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Chevrolet Volt (2012 - 2014)

The independent definitive Chevrolet Volt (2012-2014) video review

This is a sample, showing 30 seconds of each section.

    ASSAULT AND BATTERY (some text hidden)

    By Andy Enright

    Introductionword count: 155

    Leave aside the arguments about cost effectiveness for a moment. The big reason most UK car buyers haven't switched to electric vehicles is pretty simple to grasp. They're worried about running out of juice on some wet and windy moorland or in a bad neighbourhood of town. Potential buyers picture their daughters borrowing an electric car, getting stranded somewhere and then promptly buy a diesel instead. Chevrolet realised it didn't have to be this way with its Volt electric car. Here was a vehicle that you could happily run after plugging it into the mains and charging the batteries, but when those batteries went flat, you had the belt and braces approach of a 1.4-litre petrol engine to ensure that you never found yourself stranded. It ought to have been a sales winner but it wasn't. Does it make a better used buy than it ever did a new one? Read on to find out.

    Modelsword count: 5

    5dr hatchback (1.4 petrol/electric hybrid)

    Historyword count: 275

    The Chevrolet Volt was developed from General Motors' EV-1 electric vehicle program to the prototype concept that first saw motor show duty in early 2007. Then-GM CEO Rick Wagoner had stated in 2006 that the car industry needed to reduce its oil dependency, and in the background then-GM executive Bob Lutz was marshalling a team to develop a car that could travel 40 miles on electricity alone. The Volt was meant to challenge Toyota and its Prius hybrid and to spike the guns of industry upstart Tesla Motors. That 40-mile figure was key because three-quarters of commuters drive less than that distance on a daily basis. Sales were initially slow. Newspapers ran stories of vast unsold inventories of Volts across the US and after some price slashing, registrations slowly picked up. Here in the UK, we got two versions of the Volt; this Chevrolet-badged model and Vauxhall's sister vehicle, the Ampera, the latter's more UK-specific badge and marketing proving more popular. Even that car struggled though. In 2012, its first full year on sale, 5300 examples found homes across Europe. In 2013 that dropped below 3200 units, while 2014's sales fell below the 1000 mark. Can the Volt in any way be judged a success? While its proponents will point to a slowly climbing sales curve and that an improved second generation model has been developed, the fact remains that General Motors loses money on every car sold and has no plans to sell the Gen 2 Volt here in the UK. Nevertheless it's still a long way ahead of anything Ford could put in showrooms at the time and makes a fascinating used choice.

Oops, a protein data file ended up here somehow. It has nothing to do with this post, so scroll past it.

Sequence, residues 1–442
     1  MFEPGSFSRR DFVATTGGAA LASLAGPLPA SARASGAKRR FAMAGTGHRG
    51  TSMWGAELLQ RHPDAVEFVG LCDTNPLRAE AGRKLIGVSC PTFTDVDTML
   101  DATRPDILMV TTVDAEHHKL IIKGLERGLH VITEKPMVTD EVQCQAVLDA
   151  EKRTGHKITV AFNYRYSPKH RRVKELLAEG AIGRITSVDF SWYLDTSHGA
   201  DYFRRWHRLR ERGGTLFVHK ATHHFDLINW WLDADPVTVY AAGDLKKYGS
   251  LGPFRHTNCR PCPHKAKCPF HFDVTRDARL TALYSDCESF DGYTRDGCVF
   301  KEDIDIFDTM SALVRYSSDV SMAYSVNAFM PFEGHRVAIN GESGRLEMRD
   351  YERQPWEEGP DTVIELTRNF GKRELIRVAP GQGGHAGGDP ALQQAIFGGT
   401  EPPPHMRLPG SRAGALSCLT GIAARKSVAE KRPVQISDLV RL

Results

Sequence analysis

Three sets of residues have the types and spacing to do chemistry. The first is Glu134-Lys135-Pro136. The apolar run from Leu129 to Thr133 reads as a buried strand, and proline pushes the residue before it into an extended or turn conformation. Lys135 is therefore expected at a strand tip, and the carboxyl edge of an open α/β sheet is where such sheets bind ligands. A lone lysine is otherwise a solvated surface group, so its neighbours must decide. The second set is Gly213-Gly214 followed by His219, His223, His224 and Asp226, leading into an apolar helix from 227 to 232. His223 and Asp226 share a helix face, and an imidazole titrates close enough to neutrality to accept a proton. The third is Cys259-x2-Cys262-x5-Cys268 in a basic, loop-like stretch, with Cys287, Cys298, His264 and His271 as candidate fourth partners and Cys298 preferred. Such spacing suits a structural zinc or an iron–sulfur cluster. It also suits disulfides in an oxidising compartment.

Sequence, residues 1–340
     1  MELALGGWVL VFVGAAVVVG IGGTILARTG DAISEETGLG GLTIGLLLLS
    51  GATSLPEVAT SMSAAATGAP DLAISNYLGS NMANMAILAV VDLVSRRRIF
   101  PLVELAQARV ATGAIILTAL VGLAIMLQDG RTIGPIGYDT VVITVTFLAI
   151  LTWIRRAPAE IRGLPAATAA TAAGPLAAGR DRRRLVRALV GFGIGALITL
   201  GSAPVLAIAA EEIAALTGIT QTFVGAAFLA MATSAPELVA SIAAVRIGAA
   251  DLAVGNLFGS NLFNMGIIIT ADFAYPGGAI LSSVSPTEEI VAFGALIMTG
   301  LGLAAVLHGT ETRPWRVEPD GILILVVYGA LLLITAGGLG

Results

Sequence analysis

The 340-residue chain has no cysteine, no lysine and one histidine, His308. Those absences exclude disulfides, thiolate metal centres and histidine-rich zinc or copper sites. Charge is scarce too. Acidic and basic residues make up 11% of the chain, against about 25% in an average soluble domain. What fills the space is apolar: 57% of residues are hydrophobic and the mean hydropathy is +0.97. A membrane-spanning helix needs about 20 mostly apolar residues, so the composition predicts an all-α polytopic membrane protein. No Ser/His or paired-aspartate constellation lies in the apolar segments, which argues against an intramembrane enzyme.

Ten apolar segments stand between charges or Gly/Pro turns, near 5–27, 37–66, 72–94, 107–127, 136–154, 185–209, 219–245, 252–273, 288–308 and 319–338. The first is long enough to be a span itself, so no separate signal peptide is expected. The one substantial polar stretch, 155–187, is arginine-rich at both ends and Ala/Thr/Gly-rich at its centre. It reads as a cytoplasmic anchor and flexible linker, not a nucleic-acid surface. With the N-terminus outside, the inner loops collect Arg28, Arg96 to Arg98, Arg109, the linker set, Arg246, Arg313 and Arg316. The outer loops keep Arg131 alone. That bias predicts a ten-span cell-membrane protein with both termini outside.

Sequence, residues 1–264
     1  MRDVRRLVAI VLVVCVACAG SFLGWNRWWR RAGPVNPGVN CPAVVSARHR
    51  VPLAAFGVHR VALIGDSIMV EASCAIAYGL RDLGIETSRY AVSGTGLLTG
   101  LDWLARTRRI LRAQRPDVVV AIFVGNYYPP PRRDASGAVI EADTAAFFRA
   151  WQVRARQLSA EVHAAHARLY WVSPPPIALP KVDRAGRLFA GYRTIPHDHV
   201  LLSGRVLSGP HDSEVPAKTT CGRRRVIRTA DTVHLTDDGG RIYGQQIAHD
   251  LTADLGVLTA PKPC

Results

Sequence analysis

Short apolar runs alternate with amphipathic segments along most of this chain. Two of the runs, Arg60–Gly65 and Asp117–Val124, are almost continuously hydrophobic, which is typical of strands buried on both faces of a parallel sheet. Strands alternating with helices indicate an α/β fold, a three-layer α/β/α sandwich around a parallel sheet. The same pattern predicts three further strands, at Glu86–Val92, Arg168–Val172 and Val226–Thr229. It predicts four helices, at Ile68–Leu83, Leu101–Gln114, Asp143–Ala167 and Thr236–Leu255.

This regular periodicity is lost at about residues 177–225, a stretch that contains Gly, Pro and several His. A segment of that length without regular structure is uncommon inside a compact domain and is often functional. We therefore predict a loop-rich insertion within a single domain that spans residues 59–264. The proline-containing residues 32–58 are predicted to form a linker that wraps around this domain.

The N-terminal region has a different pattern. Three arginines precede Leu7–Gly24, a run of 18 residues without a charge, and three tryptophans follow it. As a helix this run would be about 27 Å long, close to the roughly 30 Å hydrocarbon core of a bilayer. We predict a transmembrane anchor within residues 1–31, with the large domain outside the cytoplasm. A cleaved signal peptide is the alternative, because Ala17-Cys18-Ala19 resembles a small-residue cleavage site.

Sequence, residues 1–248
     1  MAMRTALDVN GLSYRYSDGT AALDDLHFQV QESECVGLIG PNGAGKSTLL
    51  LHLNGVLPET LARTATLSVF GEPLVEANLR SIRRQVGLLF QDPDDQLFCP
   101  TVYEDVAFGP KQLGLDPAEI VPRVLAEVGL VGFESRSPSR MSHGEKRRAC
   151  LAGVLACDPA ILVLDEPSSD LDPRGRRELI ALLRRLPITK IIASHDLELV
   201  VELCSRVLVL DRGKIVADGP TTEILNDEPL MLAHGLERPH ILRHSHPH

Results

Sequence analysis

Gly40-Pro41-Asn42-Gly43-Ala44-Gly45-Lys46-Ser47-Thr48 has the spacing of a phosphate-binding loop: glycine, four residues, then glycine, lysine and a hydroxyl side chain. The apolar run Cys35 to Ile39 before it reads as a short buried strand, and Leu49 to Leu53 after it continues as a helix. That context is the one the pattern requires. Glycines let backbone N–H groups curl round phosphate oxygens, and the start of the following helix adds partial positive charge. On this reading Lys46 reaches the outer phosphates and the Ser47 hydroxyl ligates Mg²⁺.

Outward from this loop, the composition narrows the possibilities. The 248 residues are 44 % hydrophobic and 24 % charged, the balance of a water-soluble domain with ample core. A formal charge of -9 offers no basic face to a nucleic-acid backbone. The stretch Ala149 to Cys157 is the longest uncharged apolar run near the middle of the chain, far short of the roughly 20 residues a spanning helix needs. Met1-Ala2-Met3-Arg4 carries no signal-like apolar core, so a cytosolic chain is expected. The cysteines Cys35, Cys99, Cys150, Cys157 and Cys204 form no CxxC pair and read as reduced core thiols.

What You Getword count: 297

    As you might well appreciate, a Bugatti Veyron and a Fiat Panda are conceptually more alike than the Volt and a normal hybrid or pure electric car. While it's incredibly easy to operate, it's not an easy car to fully understand. The styling is busy with many design influences going on at once, but the overall effect works and works well. Why should the Volt look like any other car (sister vehicle Vauxhall Ampera excepted) when it isn't like any other car? The coupe-like styling disguises the fact that you get four doors and a big boot. Because of the T-shaped arrangement of the battery pack, which runs down the centre of the passenger compartment and then behind the rear seats, there isn't space in the middle for a fifth berth. The fascia features two seven-inch screens, the one in the centre console offering touch-screen control and beneath that display is a myriad of 'buttons' that are touch sensitive zones on the glossy centre stack. All manner of screens will display how economically you are driving and it's even possible to get tips on improving your eco driving style. Build quality is on a par with other upper-level General Motors products which means it's extremely solidly put together. Even after you'd taken advantage of the government's plug in car grant, a Volt was still the wrong side of £28,500, which was too rich for the tastes of many UK buyers; a BMW 520d costing only slightly more. The ideal Volt customer has a garage in which they can charge the car securely at home and then has a commuting round trip of not more than 45 miles, some of it in the urban environment. If this sounds like you, the Volt could make a lot of sense.

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    Category: Hybrid, Plug-in, Electric & Hydrogen

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